REPORTING FROM LONDON -- Italy’s new technocrat Prime Minister Mario Monti won a second decisive vote of confidence Friday from the chamber of deputies. The new non-political Cabinet received 556 votes in favor with 61 against, most of the latter from ex-premier Silvio Berlusconi’s former coalition partners.
The Italian Senate gave the new government a first lopsided victorious vote on Thursday, already showing political approval for the non-elected leadership.
Monti’s lineup of ministers was ushered into power over the last week following the resignation of the flamboyant Berlusconi, whose period in power at the head of his People of Liberty party was punctuated by court cases involving him in fraud and sex scandals, the country’s rising public debt and political controversy.
The new government, composed entirely of legal and economic experts, diplomats and academics, may be welcomed by politicians but has yet to win public approval.
A former European Union commissioner and himself an economics professor who once headed the prestigious Bocconi University in Milan, Monti has won international respect for his economic expertise. He faces the daunting task of reestablishing credibility abroad in Italy’s economy while convincing the Italian electorate to accept harsh cutbacks in social welfare and pensions.
The parliamentary votes of confidence came with a background of violent street protests from angry students and others across the country furious at budget cuts they see as further undermining their already dwindling economic prospects.
Monti urged politicians Friday to work together. “It’s an almost impossible task, but we can do it,” he said in a measured but decisive speech, asking lawmakers to offer a vote that was “not blind but vigilant.”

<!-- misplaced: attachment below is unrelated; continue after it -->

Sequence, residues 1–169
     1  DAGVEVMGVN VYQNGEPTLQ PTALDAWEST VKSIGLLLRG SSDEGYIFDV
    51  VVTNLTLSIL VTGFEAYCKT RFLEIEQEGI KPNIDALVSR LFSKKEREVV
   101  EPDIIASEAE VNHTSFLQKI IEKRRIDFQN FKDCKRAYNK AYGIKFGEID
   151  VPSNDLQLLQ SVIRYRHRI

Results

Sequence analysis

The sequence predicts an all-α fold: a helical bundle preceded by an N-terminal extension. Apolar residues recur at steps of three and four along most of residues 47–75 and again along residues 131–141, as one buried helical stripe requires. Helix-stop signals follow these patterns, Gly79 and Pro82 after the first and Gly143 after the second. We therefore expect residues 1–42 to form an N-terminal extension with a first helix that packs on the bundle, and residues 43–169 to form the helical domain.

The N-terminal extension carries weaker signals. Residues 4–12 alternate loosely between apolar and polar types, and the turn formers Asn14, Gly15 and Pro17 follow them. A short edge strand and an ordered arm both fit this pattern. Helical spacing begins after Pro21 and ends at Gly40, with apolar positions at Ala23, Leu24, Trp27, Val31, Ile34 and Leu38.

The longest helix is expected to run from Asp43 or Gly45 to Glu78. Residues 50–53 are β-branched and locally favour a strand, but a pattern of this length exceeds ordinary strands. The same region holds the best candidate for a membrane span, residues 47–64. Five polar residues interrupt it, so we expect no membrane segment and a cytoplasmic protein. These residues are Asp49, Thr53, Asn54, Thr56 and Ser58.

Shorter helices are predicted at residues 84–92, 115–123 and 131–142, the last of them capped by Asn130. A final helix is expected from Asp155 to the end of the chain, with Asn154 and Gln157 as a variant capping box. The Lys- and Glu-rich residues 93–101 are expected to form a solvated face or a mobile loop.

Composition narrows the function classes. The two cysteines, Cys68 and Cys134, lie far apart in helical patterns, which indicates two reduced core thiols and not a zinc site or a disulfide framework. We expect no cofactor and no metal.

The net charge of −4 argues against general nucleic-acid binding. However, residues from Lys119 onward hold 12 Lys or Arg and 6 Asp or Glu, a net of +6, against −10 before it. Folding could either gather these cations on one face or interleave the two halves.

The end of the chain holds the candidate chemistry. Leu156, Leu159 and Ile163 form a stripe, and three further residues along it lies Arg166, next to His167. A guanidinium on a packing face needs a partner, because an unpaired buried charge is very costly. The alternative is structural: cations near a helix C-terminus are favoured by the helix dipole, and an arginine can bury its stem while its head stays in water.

Assuring them that he would not remain in the post for the long term, he told parliament that his aim was to offer “a permanent contribution from Italy towards the solution of the euro problems.”
“We will last as long as you want,” he said, adding, “My intention is to project my government team ... from here to the elections.” The next elections are scheduled for 2013.
He plans to take a package of budget reforms aimed at addressing the country’s $2.6-trillion public debt to a meeting next week with EU Council President Herman van Rompuy, and to talks with German Chancellor Angela Merkel with French President Nicolas Sarkozy. The package includes pension reform measures as well as a loosening of labor laws, as well as plans for combating tax evasion and a black market economy that is rife in Italy. He also hopes to lighten business taxes, reduce politicians’ allowances and impose property taxes.
-- Janet Stobart
Photo: New Italian Prime Minister Mario Monti talks on the phone during a visit to parliament Friday. Credit: Alessandro Di Meo / EPA